My daughter is coming home. At age eighteen (having finished secondary school with high marks) she was due for her army service, but since it is possible to postpone the induction by a year through a special program that allows one to gather experience, often in the form of volunteering to help the community. She chose to work as a ranger in the nature reserve at Ein Gedi which is located on the shores of the dead sea.
She loves the desert and extensively photographs its surprisingly abundant and varied wildlife while she spends her days, often alone, supervising one of the several gorges that hold the natural springs there. It's a paid job as any other but she was one of few finally accepted; in typical fashion she knew exactly what she wanted.
The year in the desert is due to end in two months but she is coming home early. This was a dilemma already in the early part of the year because Segev was so very ill for months. She took a all of March off (Her brother Shoval did the same in April, requesting special leave from the Army) and stayed at home to assist in the care of her brother and which I was absolutely in dire need of. After four months of lung infections that simply would not go away, Segev finally began improving towards the end of April. Well at least his lungs did. As mentioned before, pain, to put it mildly, has become an increasing problem due to the deterioration in his spine. In short it is collapsing, pressing on nerves which, if you've ever suffered a herniated disc, you'll know too well how debilitating such pain can be.
In addition Segev's daily episodes of vomiting persist, in part due to the spinal compression but mostly from the excessive amounts of phlegm he produces (bronchiectasis from repeated aspiration pneumonia) in combination with his troubled breathing wherein he 'gulps' air consistently. This is a kind of trade off sinceI don't want to lose him to the tracheostomy surgery, (the "beginning of the end for Segev" according to several surgeons and specialists). He no longer has a "normal" regimen of seizures, in the past up to a hundred a day, now a bit less due to the CBD, and the need to additionally sedate him with valium (diastat) either for pain or his cluster seizures has become the new routine.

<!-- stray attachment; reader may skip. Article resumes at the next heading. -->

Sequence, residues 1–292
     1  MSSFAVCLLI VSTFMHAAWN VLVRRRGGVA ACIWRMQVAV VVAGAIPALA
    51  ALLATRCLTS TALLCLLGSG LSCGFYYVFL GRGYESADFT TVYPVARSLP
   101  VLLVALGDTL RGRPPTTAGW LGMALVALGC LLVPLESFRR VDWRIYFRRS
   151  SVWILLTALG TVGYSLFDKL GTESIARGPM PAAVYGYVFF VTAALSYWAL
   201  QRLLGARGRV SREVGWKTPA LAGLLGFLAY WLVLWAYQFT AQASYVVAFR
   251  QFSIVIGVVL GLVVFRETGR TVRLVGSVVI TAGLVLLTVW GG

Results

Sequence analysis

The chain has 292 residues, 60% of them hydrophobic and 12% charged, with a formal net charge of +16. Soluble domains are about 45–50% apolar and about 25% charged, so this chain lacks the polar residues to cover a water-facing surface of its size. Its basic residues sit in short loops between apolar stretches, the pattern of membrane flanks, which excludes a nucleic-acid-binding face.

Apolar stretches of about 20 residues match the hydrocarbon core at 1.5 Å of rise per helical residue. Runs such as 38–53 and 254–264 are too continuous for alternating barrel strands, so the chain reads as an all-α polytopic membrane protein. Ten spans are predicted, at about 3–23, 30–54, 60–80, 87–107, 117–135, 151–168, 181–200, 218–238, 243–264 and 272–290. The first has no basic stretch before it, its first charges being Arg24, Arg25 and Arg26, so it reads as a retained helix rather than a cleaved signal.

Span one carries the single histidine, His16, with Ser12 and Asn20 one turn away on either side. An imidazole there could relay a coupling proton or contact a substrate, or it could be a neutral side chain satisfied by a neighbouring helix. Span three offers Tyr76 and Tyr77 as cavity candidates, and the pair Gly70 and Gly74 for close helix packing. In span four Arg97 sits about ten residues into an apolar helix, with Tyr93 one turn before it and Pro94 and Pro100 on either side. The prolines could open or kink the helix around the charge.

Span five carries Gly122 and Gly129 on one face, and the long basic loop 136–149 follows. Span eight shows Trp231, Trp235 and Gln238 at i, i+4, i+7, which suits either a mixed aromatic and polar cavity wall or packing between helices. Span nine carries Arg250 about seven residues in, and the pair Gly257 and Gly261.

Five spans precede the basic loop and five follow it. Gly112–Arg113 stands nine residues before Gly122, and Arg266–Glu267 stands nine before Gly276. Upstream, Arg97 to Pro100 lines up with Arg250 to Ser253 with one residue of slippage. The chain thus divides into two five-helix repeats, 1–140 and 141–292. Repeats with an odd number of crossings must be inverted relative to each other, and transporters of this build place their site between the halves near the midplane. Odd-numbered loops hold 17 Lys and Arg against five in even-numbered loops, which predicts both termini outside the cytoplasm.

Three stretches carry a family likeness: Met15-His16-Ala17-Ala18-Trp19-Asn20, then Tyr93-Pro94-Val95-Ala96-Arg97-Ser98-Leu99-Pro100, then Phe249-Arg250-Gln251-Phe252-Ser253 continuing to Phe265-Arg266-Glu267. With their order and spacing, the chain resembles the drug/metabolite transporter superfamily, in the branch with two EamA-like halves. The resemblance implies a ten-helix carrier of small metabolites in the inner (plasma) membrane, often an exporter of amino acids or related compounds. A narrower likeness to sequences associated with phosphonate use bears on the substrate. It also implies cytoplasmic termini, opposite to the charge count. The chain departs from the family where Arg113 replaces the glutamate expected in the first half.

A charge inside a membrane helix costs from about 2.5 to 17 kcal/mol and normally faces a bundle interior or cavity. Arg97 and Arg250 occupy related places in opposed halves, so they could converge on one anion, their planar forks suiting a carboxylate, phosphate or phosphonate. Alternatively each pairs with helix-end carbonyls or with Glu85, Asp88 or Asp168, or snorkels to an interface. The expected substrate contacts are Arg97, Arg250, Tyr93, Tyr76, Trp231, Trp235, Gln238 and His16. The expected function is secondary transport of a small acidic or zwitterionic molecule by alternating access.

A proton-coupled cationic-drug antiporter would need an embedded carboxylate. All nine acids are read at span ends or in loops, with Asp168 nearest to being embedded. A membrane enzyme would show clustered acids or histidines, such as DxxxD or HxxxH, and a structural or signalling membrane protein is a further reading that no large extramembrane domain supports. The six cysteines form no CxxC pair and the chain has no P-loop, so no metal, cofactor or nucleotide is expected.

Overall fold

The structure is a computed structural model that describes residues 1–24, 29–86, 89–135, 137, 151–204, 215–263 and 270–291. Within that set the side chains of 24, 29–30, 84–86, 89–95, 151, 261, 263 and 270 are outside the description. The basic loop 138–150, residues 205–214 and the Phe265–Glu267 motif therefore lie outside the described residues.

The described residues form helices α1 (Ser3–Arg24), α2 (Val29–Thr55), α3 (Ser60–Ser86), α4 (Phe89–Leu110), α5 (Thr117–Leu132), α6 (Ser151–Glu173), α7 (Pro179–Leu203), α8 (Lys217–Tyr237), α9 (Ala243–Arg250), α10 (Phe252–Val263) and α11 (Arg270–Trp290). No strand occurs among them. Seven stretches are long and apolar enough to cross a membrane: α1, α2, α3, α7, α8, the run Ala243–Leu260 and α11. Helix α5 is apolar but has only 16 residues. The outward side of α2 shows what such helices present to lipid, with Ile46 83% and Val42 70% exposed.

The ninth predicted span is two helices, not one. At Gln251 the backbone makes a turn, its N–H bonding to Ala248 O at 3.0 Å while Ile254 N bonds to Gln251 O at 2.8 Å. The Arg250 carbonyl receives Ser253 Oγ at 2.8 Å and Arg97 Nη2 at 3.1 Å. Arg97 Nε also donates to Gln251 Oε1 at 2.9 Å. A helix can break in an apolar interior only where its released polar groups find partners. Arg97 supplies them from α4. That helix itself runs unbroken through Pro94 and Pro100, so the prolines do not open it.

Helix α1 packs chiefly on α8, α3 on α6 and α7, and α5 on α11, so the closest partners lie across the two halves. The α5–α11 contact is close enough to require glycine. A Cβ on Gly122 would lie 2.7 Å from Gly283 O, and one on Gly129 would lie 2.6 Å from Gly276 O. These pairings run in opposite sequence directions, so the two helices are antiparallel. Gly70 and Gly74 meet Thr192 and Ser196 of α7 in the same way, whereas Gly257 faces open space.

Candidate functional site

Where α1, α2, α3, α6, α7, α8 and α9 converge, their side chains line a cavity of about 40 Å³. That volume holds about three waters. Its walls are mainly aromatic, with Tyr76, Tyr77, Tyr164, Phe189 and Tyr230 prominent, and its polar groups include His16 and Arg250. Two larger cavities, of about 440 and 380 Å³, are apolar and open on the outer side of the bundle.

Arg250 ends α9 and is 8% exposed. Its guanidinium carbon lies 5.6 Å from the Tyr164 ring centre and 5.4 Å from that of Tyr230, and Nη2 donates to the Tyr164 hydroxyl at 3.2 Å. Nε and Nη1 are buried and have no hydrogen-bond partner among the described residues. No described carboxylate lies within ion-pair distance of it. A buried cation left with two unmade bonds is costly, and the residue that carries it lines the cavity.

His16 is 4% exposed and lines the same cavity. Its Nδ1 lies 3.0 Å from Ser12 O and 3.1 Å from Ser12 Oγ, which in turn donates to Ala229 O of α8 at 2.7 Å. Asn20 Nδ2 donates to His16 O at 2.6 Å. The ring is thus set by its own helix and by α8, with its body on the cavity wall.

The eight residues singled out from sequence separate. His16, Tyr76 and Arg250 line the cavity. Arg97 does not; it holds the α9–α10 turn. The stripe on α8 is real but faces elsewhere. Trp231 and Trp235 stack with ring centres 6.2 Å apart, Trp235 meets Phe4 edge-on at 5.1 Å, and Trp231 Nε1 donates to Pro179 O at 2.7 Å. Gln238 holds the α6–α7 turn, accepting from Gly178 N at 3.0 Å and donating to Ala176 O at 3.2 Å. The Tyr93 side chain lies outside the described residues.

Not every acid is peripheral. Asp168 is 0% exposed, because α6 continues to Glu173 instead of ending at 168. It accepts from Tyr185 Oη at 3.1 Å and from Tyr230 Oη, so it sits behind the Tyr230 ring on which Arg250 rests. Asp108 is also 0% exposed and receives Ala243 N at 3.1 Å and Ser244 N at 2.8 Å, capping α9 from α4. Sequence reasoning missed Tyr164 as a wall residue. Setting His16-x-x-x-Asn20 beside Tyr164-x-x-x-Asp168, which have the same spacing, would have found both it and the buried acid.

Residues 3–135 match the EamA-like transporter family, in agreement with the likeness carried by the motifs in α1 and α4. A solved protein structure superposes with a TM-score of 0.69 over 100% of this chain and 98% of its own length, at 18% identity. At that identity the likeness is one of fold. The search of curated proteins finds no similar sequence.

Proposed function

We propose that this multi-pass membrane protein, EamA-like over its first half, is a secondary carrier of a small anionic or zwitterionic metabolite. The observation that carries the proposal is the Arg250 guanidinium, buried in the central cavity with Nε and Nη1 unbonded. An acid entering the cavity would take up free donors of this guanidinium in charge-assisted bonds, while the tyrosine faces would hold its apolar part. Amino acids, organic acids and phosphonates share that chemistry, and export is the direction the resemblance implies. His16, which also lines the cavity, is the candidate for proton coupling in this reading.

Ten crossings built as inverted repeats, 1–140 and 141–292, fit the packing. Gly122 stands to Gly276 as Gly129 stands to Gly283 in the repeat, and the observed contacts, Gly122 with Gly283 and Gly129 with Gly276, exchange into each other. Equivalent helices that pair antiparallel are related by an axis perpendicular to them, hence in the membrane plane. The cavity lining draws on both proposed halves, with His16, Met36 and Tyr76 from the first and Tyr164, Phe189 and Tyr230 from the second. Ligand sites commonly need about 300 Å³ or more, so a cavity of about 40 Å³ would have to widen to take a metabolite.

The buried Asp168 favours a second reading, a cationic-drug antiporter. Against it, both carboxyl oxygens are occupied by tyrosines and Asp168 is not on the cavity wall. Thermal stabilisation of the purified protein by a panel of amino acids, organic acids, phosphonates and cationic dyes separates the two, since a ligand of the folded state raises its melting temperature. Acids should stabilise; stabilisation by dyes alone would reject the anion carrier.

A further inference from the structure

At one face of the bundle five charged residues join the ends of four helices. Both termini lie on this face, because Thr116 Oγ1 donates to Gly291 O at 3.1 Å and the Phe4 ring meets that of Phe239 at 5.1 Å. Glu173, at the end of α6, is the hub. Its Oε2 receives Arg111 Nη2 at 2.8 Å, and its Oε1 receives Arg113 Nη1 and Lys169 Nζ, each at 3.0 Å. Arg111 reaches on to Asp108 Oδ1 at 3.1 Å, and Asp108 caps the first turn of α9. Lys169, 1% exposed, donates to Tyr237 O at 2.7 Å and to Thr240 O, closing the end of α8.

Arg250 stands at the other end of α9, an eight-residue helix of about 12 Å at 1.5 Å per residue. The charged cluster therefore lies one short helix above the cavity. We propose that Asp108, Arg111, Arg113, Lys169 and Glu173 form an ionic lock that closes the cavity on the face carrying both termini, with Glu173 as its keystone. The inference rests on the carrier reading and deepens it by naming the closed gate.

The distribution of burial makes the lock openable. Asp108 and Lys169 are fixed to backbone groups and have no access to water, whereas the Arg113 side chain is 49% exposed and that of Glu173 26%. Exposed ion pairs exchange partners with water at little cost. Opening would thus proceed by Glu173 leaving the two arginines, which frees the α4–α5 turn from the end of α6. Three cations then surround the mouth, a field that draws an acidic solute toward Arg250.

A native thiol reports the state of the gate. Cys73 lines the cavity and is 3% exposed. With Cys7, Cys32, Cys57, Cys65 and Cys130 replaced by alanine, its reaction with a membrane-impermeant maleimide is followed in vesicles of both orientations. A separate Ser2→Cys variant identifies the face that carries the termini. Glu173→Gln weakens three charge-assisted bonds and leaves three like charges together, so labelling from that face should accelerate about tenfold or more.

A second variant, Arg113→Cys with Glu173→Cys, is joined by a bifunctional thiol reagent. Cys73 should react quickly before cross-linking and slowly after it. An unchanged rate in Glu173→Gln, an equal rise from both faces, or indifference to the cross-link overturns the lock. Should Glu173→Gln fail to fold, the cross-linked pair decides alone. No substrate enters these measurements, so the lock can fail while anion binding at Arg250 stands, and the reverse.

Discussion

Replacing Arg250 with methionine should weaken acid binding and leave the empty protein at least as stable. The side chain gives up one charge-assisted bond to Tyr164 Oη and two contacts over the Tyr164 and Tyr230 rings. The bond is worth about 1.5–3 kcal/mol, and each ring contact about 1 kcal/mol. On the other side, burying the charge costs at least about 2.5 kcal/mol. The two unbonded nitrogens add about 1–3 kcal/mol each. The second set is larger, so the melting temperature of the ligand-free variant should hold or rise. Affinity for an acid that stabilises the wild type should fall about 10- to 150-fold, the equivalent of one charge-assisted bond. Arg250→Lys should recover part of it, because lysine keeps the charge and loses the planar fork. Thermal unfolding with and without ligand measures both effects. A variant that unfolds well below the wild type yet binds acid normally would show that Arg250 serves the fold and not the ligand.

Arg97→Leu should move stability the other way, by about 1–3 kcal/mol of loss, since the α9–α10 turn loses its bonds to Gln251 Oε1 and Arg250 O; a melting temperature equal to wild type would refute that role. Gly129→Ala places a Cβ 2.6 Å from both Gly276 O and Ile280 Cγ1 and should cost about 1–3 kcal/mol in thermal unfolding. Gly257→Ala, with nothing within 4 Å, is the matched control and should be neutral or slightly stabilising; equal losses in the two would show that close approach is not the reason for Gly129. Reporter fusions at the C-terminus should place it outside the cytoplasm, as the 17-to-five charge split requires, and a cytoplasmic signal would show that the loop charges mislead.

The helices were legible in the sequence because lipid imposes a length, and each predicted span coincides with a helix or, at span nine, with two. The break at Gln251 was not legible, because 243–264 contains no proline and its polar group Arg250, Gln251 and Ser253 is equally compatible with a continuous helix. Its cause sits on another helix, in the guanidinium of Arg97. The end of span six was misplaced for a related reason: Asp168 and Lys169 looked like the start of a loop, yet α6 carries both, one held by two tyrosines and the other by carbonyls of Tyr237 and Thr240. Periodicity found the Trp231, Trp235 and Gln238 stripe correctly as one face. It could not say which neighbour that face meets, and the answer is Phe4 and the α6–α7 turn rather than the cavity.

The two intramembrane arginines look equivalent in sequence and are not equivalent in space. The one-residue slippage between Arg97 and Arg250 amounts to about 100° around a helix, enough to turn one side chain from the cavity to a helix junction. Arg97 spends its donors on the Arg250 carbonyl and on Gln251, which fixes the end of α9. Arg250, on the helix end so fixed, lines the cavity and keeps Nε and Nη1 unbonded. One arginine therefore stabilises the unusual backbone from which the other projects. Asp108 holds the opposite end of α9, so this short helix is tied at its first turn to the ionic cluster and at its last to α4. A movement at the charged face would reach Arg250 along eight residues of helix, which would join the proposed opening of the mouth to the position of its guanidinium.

|Mother in the Dutch documentary "Mensen van morgen"|
Despite all this, in view of the very, very difficult and frightening months on antibiotics and the concern that, this might be it, (considering that Ohtahara children find their end through 'respiratory failure', 99.8% of the time) I told her my intuition is that Segev would actually recuperate, as best he could and we would have a few good months ahead of us. The same daughter who insisted on going to see my mother in Holland, dying of ALS. Since I couldn't pay for her airfare so she worked in a shoe store, walked dogs, babsat and paid for it herself all while acting as a scout guide in the local chapter and studying for final exams.
|Dead sea from Noa's apartment|